plus the 9 adults who were sitting in front of me. 47 people ranging in age from
4 months to an aging grandmother who felt so much desperation that she rode with
them 125 miles to try to find help for her family. I knew we had to do
While they were devouring their dinners, I called Rev. Jacqueline Luck, the
minister I was working with, and asked for her thoughts. She said she would call
the member of the Ellisville church, Peggy Owens-Mansfield, who was the Red
Cross Director in Laurel (see an article about Peggy on the UU World
Red Cross leader inspired by Universalist Clara Barton"), 33 miles up the
road, and she what she suggested. Within minutes Jacqueline called back. "If
they get to the fairgrounds in Laurel at 7 am tomorrow morning, they can apply
for and get a check from the Red Cross. They will need identification and social
security numbers of their family members. Do they have that?" Yes, they had
brought whatever they could find. Because they would not be able to cash the
checks until Monday, Jacqueline said she would drive in to meet them and to give
them cash to hold them over. When Jacqueline arrived, we gave each family $40
out of a private $1000 donation Jacqueline had received. Not a lot of money but
enough to buy food to get them through the weekend.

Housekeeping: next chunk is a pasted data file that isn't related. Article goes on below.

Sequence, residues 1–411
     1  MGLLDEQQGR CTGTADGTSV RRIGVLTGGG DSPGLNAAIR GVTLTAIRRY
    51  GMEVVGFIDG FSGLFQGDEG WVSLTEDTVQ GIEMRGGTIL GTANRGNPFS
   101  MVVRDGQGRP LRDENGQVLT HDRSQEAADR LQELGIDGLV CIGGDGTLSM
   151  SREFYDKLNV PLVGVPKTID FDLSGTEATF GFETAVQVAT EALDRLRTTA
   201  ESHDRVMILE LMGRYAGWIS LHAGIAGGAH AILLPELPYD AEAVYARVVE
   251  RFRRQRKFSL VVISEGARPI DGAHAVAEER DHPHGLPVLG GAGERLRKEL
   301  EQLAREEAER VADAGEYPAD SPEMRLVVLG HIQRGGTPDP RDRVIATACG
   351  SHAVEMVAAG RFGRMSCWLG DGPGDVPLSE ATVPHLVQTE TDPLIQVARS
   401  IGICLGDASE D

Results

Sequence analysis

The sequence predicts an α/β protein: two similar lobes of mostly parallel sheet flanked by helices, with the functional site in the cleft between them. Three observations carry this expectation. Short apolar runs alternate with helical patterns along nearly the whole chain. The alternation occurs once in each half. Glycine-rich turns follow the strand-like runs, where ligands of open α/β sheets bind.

We discussed staying the night in the shelter and then leaving early in the
morning. But after much discussion, they decided to head up to Laurel and sleep
in their cars so they would be in first in line. One woman was especially
concerned about leaving her babies overnight with the family they were staying
with. She was afraid they would kick them out. But after reaching them by phone,
she agreed to the plan to spend the night in Laurel.
Before they left, I invited them all back to the clothing distribution room
in the shelter to pick up some things they needed. Each person searched for
clothing and supplies to help their families who had nothing. They picked up
jeans, diapers, a house coat, t-shirts, a pair of shoes. Enough to get by till
something else comes along.
After expressing their gratitude for our help, they were on their way. As the
cars pulled out of the shelter's parking lot, Jacqueline and I both questioned
whether we had helped enough, whether what we did made a difference, and, we're
both sad to say, whether we had been scammed. What I know is that the eyes of
these people came back to life as their stomachs were filled. I know that their
bodies relaxed, they became more talkative, and they became more trusting as a
bit of hope was restored. I can't know more than that. Helping strangers is
always a risk but in this case, I can't help but believe the risk was well worth
it. What we knew was that 47 people had food in their stomachs that weekend. 47
people had a few clothes on their backs. 47 people had hope that the generosity
of others would pull them through this tragedy.
As the Gulf Coast Relief Fund has topped $2
million, I am awed by the generosity of UUs around the country. I am also
struck with how difficult it is to know how to be helpful, how to spend money
wisely, how to make a difference. I am encouraged by the joint effort of the UUA
and the UUSC and know that their partnership will make a difference in a region
that so desperately needs our message of valuing the inherent worth and dignity
of every person.
In faith,Annette Marquis
For more information contact web @ uua.org.
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Last updated on Thursday, August 2, 2012.